The Snake with Red Hair

Yes, I know Glycon has nothing to do with a Wisconsin furry snake. Hairy snake illustrations are hard to come by. "Glykon-statuette". Licensed under Public Domain via Wikipedia - Wikipedia

Yes, I know Glycon has nothing to do with a Wisconsin furry snake. Hairy snake illustrations are hard to come by. “Glykon-statuette”. Licensed under Public Domain via Wikipedia –

Frankly I can’t remember what combination of keywords led me to this tale of a snake with fur. This is one of those stories that make the historic truth seeker want to throw themselves into a “slew” in frustration.


It’s Remarkable that Nobody Has Ever Seen a Snake like This

Snake stories grow alarmingly scarce of later years, but a correspondent of Nature’s Realm relieves the dearth somewhat by telling one which has never been printed before, but which ought to have been told just after the war. The correspondent says: “In the fall of 1869 I was in La Crosse, Wis., and having some business in La Crescent, on the Minnesota side of the Mississippi, I crossed the river in a ferry boat. There is, or was, an arm of the river on the Minnesota side called, in western parlance, a ‘slew.’ Over this there is a bridge; on going over it I saw a snake coiled on a ‘butt’ that had been sawed off a tree of about two feet in diameter, and it was floating in the water. The snake was so different from any animal of the kind I had ever before seen that I gazed on it for fully five minutes. It was evidently asleep and within ten feet of me—was, in fact, directly under me as I leaned over the side of the bridge. The ‘slew’ had no current in it, for the water was very low; I had, therefore, ample opportunity to observe the snake. It was red, and, more extraordinary still, it was thickly covered with hair. It resembled no snake I had ever seen before. It was exactly like a red cow’s tail. The hair on it was fully an inch long and as thick as that growing on a cow’s tail. Having no means of capturing the snake, I determined to make it show itself and flung a piece of stick at it. It awoke at the splash in the water, uncoiled itself and dived into the slough. It was certainly 6 feet long or more. I have told some dozens of people in La Crosse about it, among them Mr. Davidson, of the Clyde house, but none of them remembered to have even seen such a snake. Mr. Davidson is the best known sportsman in La Crosse, and it is strange that he never should have seen any snake like it.”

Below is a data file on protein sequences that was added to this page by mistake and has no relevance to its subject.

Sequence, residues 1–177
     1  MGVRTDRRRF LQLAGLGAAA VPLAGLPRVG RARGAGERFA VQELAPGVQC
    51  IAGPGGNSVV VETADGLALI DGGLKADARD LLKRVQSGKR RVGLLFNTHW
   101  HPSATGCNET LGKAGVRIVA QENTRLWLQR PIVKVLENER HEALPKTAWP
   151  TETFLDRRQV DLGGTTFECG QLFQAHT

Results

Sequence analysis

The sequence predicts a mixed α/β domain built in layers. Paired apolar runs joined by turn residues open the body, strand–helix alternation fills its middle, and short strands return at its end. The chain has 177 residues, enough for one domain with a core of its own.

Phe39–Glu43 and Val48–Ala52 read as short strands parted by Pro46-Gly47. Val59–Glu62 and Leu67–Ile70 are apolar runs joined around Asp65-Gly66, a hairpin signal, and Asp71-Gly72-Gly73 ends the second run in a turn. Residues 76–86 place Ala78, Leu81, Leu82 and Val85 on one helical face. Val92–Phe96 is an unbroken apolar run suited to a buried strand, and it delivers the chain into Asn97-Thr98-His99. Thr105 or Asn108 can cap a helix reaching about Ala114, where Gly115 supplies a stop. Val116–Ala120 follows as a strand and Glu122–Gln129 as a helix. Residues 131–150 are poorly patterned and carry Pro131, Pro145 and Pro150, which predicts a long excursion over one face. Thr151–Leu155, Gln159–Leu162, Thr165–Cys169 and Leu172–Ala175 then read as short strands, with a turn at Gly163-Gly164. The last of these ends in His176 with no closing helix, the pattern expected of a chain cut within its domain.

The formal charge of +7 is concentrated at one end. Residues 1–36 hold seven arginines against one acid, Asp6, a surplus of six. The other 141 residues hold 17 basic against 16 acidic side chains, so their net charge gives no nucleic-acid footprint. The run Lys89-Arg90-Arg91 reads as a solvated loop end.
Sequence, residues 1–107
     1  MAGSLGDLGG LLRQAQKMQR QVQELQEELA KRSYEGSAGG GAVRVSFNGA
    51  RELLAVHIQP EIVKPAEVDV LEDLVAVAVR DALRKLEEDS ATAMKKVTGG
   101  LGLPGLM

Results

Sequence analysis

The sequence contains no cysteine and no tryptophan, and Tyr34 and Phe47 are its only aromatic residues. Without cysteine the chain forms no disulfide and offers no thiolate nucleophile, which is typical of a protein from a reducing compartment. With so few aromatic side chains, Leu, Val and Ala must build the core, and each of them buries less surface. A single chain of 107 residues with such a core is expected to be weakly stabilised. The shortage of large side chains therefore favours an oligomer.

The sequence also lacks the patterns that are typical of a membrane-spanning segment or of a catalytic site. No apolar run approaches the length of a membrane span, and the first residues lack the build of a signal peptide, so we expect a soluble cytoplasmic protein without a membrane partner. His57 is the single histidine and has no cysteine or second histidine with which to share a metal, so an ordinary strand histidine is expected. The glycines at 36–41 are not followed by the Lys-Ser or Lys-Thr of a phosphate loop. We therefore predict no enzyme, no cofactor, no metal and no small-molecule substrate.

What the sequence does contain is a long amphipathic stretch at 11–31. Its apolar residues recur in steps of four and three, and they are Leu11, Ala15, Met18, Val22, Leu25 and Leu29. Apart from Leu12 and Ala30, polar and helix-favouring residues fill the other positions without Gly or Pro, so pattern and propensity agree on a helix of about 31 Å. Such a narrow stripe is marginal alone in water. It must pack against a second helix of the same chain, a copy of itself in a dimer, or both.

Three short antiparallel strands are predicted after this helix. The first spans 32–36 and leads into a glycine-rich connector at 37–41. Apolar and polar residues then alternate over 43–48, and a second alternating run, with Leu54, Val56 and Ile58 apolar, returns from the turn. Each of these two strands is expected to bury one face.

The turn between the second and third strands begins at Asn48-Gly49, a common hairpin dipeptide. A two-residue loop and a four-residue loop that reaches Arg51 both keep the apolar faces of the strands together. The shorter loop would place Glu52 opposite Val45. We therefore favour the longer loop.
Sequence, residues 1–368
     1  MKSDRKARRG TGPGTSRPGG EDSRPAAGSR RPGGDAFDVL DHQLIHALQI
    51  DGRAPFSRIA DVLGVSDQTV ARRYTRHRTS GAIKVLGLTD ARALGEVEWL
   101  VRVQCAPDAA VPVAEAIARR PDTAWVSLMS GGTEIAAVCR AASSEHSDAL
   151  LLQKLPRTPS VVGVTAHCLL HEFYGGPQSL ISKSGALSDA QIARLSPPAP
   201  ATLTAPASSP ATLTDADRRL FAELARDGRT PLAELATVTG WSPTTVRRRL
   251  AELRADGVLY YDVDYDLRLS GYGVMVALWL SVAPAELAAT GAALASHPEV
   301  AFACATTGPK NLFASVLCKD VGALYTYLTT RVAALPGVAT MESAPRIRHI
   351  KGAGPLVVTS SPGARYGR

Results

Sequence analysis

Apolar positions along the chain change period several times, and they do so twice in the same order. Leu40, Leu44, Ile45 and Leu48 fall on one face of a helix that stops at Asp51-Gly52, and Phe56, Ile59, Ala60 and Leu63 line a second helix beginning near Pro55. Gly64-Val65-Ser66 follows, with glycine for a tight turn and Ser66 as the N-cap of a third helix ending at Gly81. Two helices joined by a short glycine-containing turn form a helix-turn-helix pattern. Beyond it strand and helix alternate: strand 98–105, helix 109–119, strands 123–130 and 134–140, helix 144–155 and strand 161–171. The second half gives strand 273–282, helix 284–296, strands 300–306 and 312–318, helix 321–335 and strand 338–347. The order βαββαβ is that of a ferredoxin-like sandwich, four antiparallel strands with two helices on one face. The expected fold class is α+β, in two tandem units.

T.O. Russell

Osawatomie [KS] Graphic 6 March 1891: p. 4. The Nature’s Realm reference is Nature’s Realm, Vol. 2, February, 1891, p. 74.

Initially I thought that the furred “snake” was a vine adhering to the bark of the log. A natural mistake, with the log bobbing about in the water….  I well remember a frustrating childhood chore of trying to clear away vines with reddish, fur-like tendrils that clung like limpets to wall and tree. Alas, the narrator scotched that theory by throwing a stick.

Walter L. Davidson was, indeed, the proprietor of Clyde House in La Crosse, although I can’t vouch for his prowess as a sportsman.  If this is a “Snaix” tall-tale, once again we find a prominent person named in a hoax story. Nature’s Realm was a monthly magazine, and, according to its title page, “the only publication in the world devoted solely to popular natural history.” The author, T.O. Russell, also contributed a perfectly sound and sober piece in the same issue on “The Cuckoo–A Mysterious Bird.” The curious snake tale appeared under the “Notes and Queries” department in company with items headed “The Sky Lark,” “Two West African Fishes,” “The Claw in the Lion’s Tale,” “The Flower Clock,” “The Great Turtle of Australia,” and “Can Dogs Talk?” This mixture of serious nature study, folklore, and popular theories is typical of the publication, which also published poetry and fiction. We cannot discount the snake story solely on the basis of the company it keeps.

Wisconsin is home to several water snakes, such as the Queensnake and the Northern Watersnake, but they do not seem to run to orange coloration, nor, stating the obvious, to fur. If not toying with the gullible readership of Nature’s Realm, what might Russell have been describing? Is this another northern herpetological hoax along the lines of the famous fur-bearing trout? Did he mistake an otter dragging its prey for a 6-foot snake? Or is there a disease that might make a snake look furry? I will hold off jumping in the slew until I hear from you. Chriswoodyard8 AT


Chris Woodyard is the author of The Victorian Book of the Dead, The Ghost Wore Black, The Headless Horror, The Face in the Window, and the 7-volume Haunted Ohio series. She is also the chronicler of the adventures of that amiable murderess Mrs Daffodil in A Spot of Bother: Four Macabre Tales. The books are available in paperback and for Kindle. Indexes and fact sheets for all of these books may be found by searching Join her on FB at Haunted Ohio by Chris Woodyard or The Victorian Book of the Dead.



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